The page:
If we ever meet God, we won’t be surprised if she’s actually Tina Turner / Queerty

If we ever meet God, we won’t be surprised if
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Tina

Welcome to Screen Gems, our weekend dive into queer and queer-adjacent titles of the past that deserve a watch or a re-watch.

The Radiant: Tina

Has any other woman ever rocked out as hard as Tina Turner? The leggy, volcano-voiced siren first hit it big in the 1960s opposite her then-husband Ike Turner, sang her way through the 1970s, got divorced and then reinvented herself as a pop icon in the 1980s. Along the way, she contributed some of the most successful and memorable musical hits of the 20th century, including “River Deep, Mountain High,” “What’s Love Got to Do With It,” “Private Dancer,” and drag staple “Proud Mary.” Turner’s unique vocals, high-energy stage performances and iconic looks also lent themselves to many a drag act over the years…not to mention many a drunken gay man singing karaoke.

Tina, the new documentary now streaming on HBO Max, gives Ms. Turner the full biopic treatment, examining her turbulent life, abusive marriage, rise, fall and resurrection as a musical sensation and her enduring legacy in extreme–often shocking–detail. Featuring interviews with Turner herself, Oprah Winfrey, Angela Bassett (who played Tina in the delightful scripted biopic What’s Love Got to Do With It), friends and family, the film examines how and why Turner resonated with such a broad audience and why the singer–still luminous at age 81–has stepped away from public life. Turner’s unforgettable music also features large in the film, which only adds to the entertainment value.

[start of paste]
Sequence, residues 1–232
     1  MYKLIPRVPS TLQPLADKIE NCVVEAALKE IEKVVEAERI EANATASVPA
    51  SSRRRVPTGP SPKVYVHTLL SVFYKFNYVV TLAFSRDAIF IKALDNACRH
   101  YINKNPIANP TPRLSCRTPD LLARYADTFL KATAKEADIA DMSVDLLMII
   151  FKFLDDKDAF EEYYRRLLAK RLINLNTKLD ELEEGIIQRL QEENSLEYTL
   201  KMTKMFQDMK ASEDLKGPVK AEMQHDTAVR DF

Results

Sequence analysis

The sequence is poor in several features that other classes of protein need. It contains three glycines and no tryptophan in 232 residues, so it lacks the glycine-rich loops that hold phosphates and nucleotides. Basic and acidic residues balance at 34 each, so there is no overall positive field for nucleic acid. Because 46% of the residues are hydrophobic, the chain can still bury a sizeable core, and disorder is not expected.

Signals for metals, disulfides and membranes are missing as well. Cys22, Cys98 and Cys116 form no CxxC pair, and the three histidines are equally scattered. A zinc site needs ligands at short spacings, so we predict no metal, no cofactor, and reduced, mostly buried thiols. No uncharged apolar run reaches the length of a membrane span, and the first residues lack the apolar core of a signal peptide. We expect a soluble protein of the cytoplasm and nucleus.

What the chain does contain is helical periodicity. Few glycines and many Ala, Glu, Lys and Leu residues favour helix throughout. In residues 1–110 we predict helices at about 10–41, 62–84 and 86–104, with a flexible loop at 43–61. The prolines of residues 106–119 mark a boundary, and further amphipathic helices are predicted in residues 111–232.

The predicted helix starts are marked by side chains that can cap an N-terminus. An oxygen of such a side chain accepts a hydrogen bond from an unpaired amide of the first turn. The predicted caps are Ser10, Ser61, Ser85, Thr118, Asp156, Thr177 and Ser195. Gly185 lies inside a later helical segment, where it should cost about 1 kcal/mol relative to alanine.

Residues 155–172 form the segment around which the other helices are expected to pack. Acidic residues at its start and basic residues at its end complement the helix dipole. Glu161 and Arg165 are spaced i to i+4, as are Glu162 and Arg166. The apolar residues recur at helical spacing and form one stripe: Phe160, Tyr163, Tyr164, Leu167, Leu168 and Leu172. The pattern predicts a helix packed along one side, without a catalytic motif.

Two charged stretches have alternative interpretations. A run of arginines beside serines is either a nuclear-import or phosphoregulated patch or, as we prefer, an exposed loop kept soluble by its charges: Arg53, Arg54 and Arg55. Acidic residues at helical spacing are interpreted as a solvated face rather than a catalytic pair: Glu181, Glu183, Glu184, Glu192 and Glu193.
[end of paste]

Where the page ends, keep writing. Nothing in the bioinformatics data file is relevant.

By now the details of Turner’s very abusive marriage to Ike have become the stuff of showbiz legend, and a subject Tina would prefer not to discuss. She does so again here, possibly for the last time. The film adds a masterstroke, however, in the form of uncut archive interview footage of Ike himself, stammering to make excuses like a frightened child. It’s a jarring contrast between Ike’s image as a monster (which he was) and the towering strength of Tina herself, calmly discussing the years of torture she endured.

We also suspect it’s that calm strength that attracted a devoted LGBTQ fanbase to Turner from the outset of her career, just as much as her music did. She’s a woman to emulate on all levels. Featuring candid revelations, stories of profound inner resolve and a soundtrack of unforgettable music, we recommend a visit to the church of Tina Turner. It’s not an experience anyone will soon forget.

Streams on HBO Max.

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